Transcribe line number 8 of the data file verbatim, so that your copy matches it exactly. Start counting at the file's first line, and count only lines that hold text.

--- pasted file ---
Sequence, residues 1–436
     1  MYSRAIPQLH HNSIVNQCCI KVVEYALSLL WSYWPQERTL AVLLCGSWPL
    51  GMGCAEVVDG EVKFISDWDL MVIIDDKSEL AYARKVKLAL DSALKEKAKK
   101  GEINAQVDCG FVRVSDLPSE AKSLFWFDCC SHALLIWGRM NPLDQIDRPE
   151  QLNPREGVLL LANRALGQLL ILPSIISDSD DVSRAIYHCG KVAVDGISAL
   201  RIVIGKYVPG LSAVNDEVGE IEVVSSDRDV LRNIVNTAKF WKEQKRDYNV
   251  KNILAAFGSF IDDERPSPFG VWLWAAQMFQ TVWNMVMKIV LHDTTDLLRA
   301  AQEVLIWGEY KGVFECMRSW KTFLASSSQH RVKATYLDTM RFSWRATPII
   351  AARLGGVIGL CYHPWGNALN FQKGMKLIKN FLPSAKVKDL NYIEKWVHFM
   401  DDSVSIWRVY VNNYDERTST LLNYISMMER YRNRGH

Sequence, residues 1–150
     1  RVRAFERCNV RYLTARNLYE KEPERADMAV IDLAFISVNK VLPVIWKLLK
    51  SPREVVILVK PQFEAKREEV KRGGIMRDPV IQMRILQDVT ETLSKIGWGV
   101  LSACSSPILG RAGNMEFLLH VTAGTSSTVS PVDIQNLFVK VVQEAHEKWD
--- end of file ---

   301  AQEVLIWGEY KGVFECMRSW KTFLASSSQH RVKATYLDTM RFSWRATPII